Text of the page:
By default, values stored as DATE do not have any hour or minute values, and so comparison of dates is straightforward.
The DATE data type can also contain a time, which introduces complications when comparing dates. If the time is not specified when a date is entered into the database, the time defaults to 0:00 or 12:00am (midnight). Any date comparisons with this option setting compare the times and the date. A database date value of 1999-05-23 10:00 is not equal to the constant 1999-05-23. The DATEFORMAT function or one of the other date functions can be used to compare parts of a date and time field. For example,
DATEFORMAT(invoice_date,'yyyy/mm/dd') = '1999/05/23';
If a database column requires only a date, client applications should ensure that times are not specified when data is entered into the database. This way, comparisons with date-only strings will work as expected.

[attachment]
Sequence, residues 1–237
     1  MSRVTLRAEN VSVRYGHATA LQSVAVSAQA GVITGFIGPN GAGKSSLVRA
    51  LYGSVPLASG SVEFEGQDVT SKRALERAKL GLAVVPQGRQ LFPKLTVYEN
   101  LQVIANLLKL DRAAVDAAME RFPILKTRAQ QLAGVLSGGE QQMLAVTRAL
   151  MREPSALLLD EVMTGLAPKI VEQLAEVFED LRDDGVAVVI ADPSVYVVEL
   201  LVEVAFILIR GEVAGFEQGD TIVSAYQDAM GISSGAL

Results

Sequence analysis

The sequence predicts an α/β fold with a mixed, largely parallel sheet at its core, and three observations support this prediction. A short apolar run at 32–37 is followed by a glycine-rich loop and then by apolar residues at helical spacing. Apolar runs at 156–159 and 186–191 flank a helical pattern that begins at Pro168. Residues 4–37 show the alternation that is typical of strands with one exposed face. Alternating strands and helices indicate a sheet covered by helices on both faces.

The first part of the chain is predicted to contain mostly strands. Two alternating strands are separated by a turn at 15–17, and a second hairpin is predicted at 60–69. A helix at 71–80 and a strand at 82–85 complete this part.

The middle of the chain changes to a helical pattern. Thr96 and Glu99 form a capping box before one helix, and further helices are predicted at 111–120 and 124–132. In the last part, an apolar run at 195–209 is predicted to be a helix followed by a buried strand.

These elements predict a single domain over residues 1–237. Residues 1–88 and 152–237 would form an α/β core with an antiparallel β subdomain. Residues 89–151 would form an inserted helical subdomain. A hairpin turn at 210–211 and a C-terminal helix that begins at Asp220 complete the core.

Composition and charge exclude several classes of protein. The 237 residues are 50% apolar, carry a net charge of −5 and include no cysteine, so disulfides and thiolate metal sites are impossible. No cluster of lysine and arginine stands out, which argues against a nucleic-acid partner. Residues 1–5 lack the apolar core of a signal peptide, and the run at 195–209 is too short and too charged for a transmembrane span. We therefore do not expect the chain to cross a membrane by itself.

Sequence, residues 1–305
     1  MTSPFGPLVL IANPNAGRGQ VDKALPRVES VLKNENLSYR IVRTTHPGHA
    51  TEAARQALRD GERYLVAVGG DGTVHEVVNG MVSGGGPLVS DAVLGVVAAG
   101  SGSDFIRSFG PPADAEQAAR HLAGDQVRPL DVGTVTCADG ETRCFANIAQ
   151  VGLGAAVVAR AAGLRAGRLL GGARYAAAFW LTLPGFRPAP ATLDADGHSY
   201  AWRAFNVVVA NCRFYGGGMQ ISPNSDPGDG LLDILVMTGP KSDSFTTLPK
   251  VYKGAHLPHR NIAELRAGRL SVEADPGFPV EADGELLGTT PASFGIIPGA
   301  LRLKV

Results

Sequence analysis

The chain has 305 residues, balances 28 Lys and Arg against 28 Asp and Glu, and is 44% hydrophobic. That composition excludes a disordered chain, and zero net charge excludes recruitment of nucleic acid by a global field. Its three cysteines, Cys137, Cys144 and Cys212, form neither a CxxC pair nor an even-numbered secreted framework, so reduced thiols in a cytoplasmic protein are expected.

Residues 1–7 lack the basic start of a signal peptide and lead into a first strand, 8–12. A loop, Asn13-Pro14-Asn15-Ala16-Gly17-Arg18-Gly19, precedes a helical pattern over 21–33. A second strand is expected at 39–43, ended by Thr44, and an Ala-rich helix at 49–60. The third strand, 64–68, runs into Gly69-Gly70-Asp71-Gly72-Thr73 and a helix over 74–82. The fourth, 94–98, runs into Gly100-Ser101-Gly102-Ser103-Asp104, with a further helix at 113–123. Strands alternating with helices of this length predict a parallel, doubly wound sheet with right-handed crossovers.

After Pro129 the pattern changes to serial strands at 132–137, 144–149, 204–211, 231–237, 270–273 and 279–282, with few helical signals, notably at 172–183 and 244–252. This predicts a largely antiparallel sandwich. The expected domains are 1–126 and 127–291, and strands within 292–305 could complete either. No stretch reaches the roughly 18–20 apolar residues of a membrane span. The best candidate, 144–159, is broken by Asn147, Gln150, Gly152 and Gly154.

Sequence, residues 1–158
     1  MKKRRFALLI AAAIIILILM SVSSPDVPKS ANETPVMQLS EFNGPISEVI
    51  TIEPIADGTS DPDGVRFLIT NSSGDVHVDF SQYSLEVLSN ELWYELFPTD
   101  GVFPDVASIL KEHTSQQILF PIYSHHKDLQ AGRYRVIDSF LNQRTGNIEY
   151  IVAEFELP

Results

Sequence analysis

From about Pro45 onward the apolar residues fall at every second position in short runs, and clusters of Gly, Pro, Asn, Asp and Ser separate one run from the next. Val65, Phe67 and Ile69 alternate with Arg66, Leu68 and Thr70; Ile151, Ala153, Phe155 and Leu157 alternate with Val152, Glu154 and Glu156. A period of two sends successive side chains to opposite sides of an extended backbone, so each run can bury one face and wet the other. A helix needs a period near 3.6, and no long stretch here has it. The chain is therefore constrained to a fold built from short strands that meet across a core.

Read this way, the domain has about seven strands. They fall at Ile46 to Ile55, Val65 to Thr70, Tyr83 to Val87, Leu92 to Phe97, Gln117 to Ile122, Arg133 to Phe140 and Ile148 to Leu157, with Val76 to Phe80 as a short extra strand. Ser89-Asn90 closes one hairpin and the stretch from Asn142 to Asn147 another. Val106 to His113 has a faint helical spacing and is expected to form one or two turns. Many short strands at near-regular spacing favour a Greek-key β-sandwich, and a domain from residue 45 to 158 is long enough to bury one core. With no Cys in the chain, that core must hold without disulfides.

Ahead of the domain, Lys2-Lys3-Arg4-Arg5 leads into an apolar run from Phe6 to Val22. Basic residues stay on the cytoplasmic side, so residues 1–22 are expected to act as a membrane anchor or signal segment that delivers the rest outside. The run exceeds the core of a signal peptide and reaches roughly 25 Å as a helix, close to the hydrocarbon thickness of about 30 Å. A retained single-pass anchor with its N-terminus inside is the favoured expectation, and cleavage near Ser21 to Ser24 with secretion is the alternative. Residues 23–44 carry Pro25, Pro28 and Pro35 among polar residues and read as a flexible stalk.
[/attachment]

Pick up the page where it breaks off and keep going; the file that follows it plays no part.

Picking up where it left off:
If you want to compare a date to a string as a string, you must use the DATEFORMAT function or CAST function to convert the date to a string before comparing.
SQL Anywhere uses the following rules when comparing time and date data types. The rules are examined in the order listed, and the first rule that applies is used:
If the data type of either argument is TIME, convert both to TIME and compare.
If either data type has the type DATE or TIMESTAMP, convert to both to TIMESTAMP and compare.
For example, if the two arguments are of type REAL and DATE, they are both converted to TIMESTAMP.
If one argument has NUMERIC data type and the other has FLOAT, convert both to DOUBLE and compare.
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